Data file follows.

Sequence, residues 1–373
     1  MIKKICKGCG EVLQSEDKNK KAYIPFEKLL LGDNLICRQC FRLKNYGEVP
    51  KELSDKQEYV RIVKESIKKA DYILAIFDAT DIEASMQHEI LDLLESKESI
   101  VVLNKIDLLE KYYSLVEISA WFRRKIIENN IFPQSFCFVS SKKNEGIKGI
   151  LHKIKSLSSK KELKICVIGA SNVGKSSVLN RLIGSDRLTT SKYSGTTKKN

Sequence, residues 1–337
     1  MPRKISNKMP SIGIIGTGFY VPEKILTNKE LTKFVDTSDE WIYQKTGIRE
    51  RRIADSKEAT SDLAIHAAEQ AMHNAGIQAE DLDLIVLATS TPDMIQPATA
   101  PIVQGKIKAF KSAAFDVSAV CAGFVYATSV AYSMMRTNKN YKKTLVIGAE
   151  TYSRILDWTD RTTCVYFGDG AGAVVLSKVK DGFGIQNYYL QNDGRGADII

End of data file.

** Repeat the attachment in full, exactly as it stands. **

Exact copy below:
Sequence, residues 1–373
     1  MIKKICKGCG EVLQSEDKNK KAYIPFEKLL LGDNLICRQC FRLKNYGEVP
    51  KELSDKQEYV RIVKESIKKA DYILAIFDAT DIEASMQHEI LDLLESKESI
   101  VVLNKIDLLE KYYSLVEISA WFRRKIIENN IFPQSFCFVS SKKNEGIKGI
   151  LHKIKSLSSK KELKICVIGA SNVGKSSVLN RLIGSDRLTT SKYSGTTKKN

Sequence, residues 1–337
     1  MPRKISNKMP SIGIIGTGFY VPEKILTNKE LTKFVDTSDE WIYQKTGIRE
    51  RRIADSKEAT SDLAIHAAEQ AMHNAGIQAE DLDLIVLATS TPDMIQPATA
   101  PIVQGKIKAF KSAAFDVSAV CAGFVYATSV AYSMMRTNKN YKKTLVIGAE
   151  TYSRILDWTD RTTCVYFGDG AGAVVLSKVK DGFGIQNYYL QNDGRGADII